Tributes to Peres on first anniversary
FRIENDS, including Tony Blair, joined with old political rivals yesterday in saluting Israel’s Nobel laureate Shimon Peres and his dream of peace on the first anniversary of his death.
In a state ceremony at Jerusalem’s Mount Herzl national cemetery, President Reuven Rivlin paid a warm tribute, along with British former premier and Middle East peace envoy Blair.
“It’s sad without you, even for those who didn’t always agree with you,” Rivlin, a former legislator in the right-wing Likud party, said.
He lost to Peres in the 2007 presidential race but won the post in 2014.
Peres, a Labour party stalwart, served twice as prime minister and held senior cabinet posts during a public career spanning 70 years, predating Israeli statehood.
He shared the 1994 Nobel Peace Prize with prime minister Yitzhak Rabin and Palestinian leader Yasser Arafat for his role in negotiating the Oslo peace accords, which envisioned an independent Palestinian state.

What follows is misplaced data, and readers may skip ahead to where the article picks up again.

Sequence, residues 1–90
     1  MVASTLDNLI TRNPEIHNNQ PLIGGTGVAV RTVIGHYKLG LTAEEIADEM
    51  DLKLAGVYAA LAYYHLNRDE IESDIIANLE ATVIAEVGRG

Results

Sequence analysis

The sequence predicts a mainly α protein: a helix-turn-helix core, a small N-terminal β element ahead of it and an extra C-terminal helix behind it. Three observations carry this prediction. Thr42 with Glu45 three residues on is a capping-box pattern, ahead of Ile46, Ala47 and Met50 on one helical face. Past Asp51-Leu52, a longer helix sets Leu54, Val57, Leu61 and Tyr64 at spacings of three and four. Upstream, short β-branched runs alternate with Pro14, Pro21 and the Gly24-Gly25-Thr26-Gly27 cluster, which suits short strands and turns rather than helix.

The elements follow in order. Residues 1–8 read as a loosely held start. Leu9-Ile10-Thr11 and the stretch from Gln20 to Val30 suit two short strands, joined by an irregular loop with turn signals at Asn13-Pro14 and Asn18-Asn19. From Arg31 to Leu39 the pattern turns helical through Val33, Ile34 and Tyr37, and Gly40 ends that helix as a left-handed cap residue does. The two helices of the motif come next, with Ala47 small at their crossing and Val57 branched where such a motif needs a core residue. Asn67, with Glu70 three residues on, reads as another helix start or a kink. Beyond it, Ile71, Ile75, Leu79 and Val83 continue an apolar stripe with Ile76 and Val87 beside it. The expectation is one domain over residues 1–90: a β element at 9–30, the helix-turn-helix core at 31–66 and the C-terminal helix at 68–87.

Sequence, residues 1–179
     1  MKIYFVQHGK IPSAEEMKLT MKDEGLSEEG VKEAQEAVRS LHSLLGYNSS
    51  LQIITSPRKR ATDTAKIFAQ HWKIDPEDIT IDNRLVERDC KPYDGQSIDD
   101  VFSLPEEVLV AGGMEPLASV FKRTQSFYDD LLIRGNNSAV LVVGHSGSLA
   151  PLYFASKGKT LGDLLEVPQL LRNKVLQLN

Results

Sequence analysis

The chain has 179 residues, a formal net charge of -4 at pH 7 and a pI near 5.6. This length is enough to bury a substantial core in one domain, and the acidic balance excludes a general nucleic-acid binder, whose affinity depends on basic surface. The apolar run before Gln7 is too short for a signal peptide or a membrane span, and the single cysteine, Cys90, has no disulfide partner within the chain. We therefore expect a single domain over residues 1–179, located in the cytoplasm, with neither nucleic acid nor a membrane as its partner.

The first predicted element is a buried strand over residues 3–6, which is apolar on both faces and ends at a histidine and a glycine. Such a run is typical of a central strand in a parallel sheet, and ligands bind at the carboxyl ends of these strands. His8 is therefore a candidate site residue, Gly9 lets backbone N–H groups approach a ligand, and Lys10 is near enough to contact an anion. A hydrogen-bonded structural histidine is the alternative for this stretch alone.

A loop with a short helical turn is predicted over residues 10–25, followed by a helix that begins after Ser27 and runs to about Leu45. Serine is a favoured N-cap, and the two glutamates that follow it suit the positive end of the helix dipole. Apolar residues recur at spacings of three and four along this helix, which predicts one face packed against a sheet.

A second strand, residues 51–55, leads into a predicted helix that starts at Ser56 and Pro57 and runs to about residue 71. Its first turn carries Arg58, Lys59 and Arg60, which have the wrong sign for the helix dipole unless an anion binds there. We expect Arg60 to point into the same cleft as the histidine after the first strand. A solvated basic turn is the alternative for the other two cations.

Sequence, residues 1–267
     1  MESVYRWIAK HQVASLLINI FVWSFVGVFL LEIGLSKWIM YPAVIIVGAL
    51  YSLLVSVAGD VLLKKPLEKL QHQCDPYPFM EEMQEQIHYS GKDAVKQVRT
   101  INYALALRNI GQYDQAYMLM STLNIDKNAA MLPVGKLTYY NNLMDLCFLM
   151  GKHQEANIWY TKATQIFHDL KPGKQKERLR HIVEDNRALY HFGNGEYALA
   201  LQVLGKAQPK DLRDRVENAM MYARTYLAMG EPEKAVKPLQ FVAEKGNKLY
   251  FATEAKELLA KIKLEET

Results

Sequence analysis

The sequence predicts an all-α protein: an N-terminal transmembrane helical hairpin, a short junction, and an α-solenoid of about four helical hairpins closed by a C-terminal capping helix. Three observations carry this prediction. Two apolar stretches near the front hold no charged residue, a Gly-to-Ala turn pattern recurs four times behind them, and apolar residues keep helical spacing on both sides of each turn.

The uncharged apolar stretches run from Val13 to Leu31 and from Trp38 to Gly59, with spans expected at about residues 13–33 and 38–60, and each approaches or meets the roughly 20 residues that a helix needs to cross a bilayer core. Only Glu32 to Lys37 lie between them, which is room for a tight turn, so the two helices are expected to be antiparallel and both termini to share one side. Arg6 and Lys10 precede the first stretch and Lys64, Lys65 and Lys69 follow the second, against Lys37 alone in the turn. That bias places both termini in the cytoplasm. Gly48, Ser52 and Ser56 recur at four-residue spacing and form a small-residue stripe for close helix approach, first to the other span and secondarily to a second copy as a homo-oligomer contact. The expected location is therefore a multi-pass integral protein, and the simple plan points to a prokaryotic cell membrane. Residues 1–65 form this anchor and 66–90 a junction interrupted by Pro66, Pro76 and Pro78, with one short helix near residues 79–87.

But attempts to resolve the dispute have been at a standstill since a US-led initiative collapsed in 2014.
“The dream of peace which you wove is still far, far off,” Rivlin said yesterday, addressing his remarks to “My dear Shimon”.
“You taught us that the world, including our neighbourhood, can be a friend, not just a predator,” he said. Peres died aged 93 on September 28 last year. The anniversary, according to the Hebrew calendar, is tomorrow.
Blair, who became envoy of the Middle East Quartet of peacemakers after leaving the British prime minister’s office in 2007, said Peres always stayed true to his vision.
“He never gave up on peace with the Palestinians or on his belief that peace was best secured by an independent state of Palestine alongside a recognised state of Israel,” he said.
Peres’s biography, No Room for Small Dreams: Courage, Imagination and the Making of Modern Israel, was published in English on Tuesday.
PAYING RESPECTS: A relative of late Israeli leader Shimon Peres with her baby during yesterday’s ceremony